Medical Researchers From University Of Washington Discover Method To Protect Brain From Tau Proteins
As a result of recent disappointments over clinical trials targeting amyloid plaque build-up in Alzheimer’s disease, researchers now are focusing more attention on misfolded tau protein
, another culprit in brain diseases that cause dementia.
A new study published in Science Translational Medicine
finds that targeting abnormal tau through the suppression of a gene called MSUT2 (mammalian suppressor of tauopathy 2) shows promise.
The protein Tau
, like amyloid protein, is another substance that builds up in Alzheimer's disease and damages brain
cells. However, clinical trials targeting tau
have been far less numerous in part because tau
-targeted drugs have been hard to find.
In the research, medical scientists concluded that suppressing MSUT2 might protect people from Alzheimer’s disease as long as the RNA binding protein PolyA Binding Protein Nuclear 1 (PABPN1) is not depleted. MSUT2 and PABPNI normally work together closely to regulate the biology of tau
in the brain
Senior author Dr Brian Kraemer, a research associate professor of medicine in the Division of Gerontology and Geriatric Medicine at the University of Washington School of Medicine told Thailand Medical
News, “If you inhibit MSUT2 and don’t affect PABN1, that protects against the effects of tau
Dr Kraemer is also a scientist at the Veterans Affairs Puget Sound Health Care System.
Dr Kraemer said his team sees their role as the person kicking the ball down field to provide other researchers and drug companies an opportunity to move the ball towards the ultimate goal: a treatment or cure for Alzheimer’s disease.
He added, “Pharmaceutical companies have heavily invested in going after amyloid but so far these efforts haven’t moved the needle on dementia treatments. I think the field needs to think about targeting amyloid and tau
together because both amyloid and tau
act together to kill neurons in Alzheimer’s disease.”
Dr Jeanna Wheeler, a research scientist at the Seattle Institute for Biomedical and Clinical Research and the VA, and senior author said what’s novel about the study is the discovery of the role of the MSUT2 gene.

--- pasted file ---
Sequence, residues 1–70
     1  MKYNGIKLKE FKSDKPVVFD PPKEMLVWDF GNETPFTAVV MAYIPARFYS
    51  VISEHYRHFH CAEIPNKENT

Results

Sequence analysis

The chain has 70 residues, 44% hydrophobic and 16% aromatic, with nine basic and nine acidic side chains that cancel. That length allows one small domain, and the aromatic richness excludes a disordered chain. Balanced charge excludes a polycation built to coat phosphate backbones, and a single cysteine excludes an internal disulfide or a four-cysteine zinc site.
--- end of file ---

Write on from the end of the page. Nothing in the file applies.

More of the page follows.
Dr Wheeler added, "We discovered MSUT2 originally in a completely unbiased way by looking for anything that could make worms resistant to pathological tau protein
. Now we have shown that this gene can also affect tau
toxicity in mice, and also that there are differences in MSUT2 in human Alzheimer's patients. If we can use MSUT2 in the future as a drug target, this would be a completely novel approach for treating Alzheimer's and other related disorders."
The research also brings more attention to the role of tau
pathology in Alzheimer’s disease.
Typically, the healthy human brain
contains tens of billions of specia
lized cells or neurons that process and transmit information. By disrupting communication among these cells, Alzheimer’s disease results in loss of neuron function and cell death.
Past studies have shown that abnormal tau
burden correlates strongly with cognitive decline in Alzheimer’s disease patients, but amyloid does not. Some dementia disorders, such as frontotemporal lobar degeneration, may have only abnormal tau
with no amyloid deposits.
Dr Kraemer added, “If you could protect the brain
alone, you may provide substantial benefit for people with Alzheimer’s disease. Likewise, targeting tau i
n tangle-only Alzheimer
’s disease-related dementia disorders, like frontotemporal lobar degeneration, will almost certainly be beneficial for patients.”
This new study follows previous work by these researchers that showed very similar results using the worm C. elegans. Worms go from egg to adult in three days, so it was easier to do experiments on the biology of aging rapidly. Although worms don’t have complex cognitive functions, their movement is affected by tau buildup. Researchers found that they could cure the worm by knocking out the worm sut-2 gene. The more recent study applied the experiment to mice, whose evolutionary distance to humans is much smaller than the distance between worms and humans.
The medical researchers knocked out the MSUT2 gene in mice, thereby preventing the formation of the tau
tangles that kill off brain
cells. This lessened learning and memory problems as well.
The researchers found while examining autopsy brain
samples from Alzheimer’s patients, that cases with more severe disease lacked both MSUT2 protein
, and its partner protein
, PABPN1. This finding suggests that neurons that lose the MSUT2 -PABPN1 protein partnership may simply die during a patient’s life.
In addition, mice lacking MSUT2 but possessing a normal complement of PABPN1 were strongly protected against abnormal tau and the resulting brain
degeneration. Therefore, the researchers concluded that the key to helping people with abnormal tau buildup is blocking MSUT2 while preserving PABPN1 activity.
Reference : Wheeler et al. (2019) Activity of the poly(A) binding protein MSUT2 determines susceptibility to pathological tau in the mammalian brain. Science Translational Medicine. DOI: https://doi.org/10.1126/scitranslmed.aao6545